Storm water runoff is a significant environmental problem for the Los Angeles area, as it contributes to ocean pollution and exacerbates drought conditions. Low impact development (LID) is a development strategy that seeks to manage storm water runoff more effectively by dealing with runoff water on site, rather than trying to channel the water away as quickly as possible.
Low impact development principles embrace and utilize a variety of specific techniques and structures to accomplish this task. The United States Environmental Protection Agency uses the term “Best Management Practices,” or BMPs, to refer to some of the best-suited techniques and structures, for reducing the amount of surface pollutants carried by storm water runoff.
Vegetated Swales and Rain Gardens
One of the simplest ways engineers and city planners can help reduce runoff water is to break up extensive paved areas with small “islands” of vegetation. This allows the plants to absorb and store the water, before ultimately releasing it back into the atmosphere. Most often, these areas are installed in low-lying areas, to take advantage of the natural lay of the land.
Rain cisterns are valuable tools for managing rainfall and reducing an area’s runoff water. By storing rainwater, rain cisterns transform the surplus water from a liability to an asset. Cisterns collect the water pouring out of downspouts, thereby reducing the amount of storm water filling sewers and collecting pollutants. Additionally, they serve as a source of clean water, suitable for watering lawns, irrigating crops and other outdoor uses.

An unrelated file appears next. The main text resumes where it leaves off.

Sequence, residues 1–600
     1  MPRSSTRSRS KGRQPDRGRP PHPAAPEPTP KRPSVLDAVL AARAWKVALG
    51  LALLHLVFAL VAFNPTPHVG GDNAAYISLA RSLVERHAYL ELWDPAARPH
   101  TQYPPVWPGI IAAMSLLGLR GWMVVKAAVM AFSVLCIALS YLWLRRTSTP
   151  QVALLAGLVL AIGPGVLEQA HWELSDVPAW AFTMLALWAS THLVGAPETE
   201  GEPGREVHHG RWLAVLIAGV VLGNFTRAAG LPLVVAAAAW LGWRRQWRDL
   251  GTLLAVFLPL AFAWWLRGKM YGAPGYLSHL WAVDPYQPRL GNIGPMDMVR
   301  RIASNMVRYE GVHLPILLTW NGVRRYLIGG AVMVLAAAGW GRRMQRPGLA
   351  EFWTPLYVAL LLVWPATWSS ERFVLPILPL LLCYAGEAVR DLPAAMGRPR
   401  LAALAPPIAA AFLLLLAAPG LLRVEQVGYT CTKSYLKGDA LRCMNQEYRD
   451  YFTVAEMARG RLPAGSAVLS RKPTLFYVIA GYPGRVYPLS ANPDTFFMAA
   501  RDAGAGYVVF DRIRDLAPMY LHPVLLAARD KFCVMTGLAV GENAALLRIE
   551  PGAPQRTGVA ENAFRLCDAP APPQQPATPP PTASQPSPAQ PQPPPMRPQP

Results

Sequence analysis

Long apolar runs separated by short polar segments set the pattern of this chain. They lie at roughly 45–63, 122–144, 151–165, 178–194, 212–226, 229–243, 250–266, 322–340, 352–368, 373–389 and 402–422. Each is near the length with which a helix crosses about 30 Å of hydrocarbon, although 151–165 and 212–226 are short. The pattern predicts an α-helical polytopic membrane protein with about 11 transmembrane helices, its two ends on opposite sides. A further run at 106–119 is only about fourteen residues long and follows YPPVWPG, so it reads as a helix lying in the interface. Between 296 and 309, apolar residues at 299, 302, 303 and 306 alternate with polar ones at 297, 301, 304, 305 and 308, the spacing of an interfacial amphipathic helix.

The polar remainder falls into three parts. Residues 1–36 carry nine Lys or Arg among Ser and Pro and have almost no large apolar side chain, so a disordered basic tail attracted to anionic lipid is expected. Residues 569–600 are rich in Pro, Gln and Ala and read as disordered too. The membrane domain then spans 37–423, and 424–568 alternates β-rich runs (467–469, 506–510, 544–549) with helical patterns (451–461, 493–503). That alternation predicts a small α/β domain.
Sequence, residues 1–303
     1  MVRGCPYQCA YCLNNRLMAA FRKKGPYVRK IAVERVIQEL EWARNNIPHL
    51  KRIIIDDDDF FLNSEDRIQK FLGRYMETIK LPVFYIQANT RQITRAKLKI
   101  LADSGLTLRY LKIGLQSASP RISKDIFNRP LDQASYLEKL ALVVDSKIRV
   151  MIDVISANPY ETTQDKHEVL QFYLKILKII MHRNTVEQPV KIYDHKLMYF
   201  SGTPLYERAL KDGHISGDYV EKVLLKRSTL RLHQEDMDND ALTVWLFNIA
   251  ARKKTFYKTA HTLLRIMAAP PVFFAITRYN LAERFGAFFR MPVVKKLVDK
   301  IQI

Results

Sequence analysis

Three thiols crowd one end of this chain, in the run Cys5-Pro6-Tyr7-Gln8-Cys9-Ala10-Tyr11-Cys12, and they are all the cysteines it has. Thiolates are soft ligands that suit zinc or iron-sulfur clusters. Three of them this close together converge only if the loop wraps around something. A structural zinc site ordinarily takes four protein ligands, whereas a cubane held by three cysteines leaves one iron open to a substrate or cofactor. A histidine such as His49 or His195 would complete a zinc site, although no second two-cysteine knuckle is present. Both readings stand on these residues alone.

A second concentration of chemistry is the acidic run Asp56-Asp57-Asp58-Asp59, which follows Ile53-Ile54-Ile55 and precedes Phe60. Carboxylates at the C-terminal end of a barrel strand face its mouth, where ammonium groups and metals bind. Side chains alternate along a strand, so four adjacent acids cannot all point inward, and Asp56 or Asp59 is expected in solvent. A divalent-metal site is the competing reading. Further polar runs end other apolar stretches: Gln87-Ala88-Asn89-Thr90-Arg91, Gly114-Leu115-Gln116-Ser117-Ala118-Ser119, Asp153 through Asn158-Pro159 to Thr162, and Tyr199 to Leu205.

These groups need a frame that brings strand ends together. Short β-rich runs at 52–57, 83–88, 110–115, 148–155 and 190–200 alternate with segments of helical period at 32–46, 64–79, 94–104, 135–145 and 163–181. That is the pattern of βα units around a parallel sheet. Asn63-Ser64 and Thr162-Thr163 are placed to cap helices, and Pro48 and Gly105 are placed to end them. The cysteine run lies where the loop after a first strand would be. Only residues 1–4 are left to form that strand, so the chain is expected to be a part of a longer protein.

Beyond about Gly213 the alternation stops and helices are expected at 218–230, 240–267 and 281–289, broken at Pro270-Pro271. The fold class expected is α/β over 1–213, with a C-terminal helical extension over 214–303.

At first glance, the notion of sod-covered roofs (pictured above) seems like a joke. However, upon closer examination, it becomes obvious that the concept has many merits. The grass absorbs most of the rainfall landing on the roof, which helps to address runoff water problems, and it helps to keep homes cooler in the winter, courtesy of the insulating value of the plants and soil. Additionally, as the grass transpires – drawing water from its roots and releasing it into the atmosphere – it lowers the local temperature further.
Permeable Pavers and Pavement
Some places simply require extensive paved areas; shopping malls, municipal centers and grocery stores are rarely feasible without large parking lots and pavement. Fortunately, engineers have devised a solution for these areas, called permeable surfaces. Unlike traditional surfaces composed of solid concrete or asphalt, permeable pavements allow water to trickle through them, rather than run across the surface.
Curb Cuts and Bump-Outs
Curb cuts are a brilliantly simple solution to storm water. Whereas conventional curbs contain water, preventing it from reaching the vegetation and soil a few short inches away, curbs designed with low impact principles have periodic gaps cut into them. These cuts allow water to pass through to the planted areas, reducing the overall volume of water flowing along the curb, and use it in the immediate vicinity to water plants and trees.
Simply planting medium or large canopy trees along sidewalks and roads drastically reduces the amount of runoff water in the area. Trees absorb water from the soil, use what they need and allow the excess to evaporate into the air via small holes in the leaves. This process not only manages runoff water, but it provides all of the other benefits trees do, such as shading the area, cooling the environment through the process of transpiration, improving the aesthetics of the area and raising property values.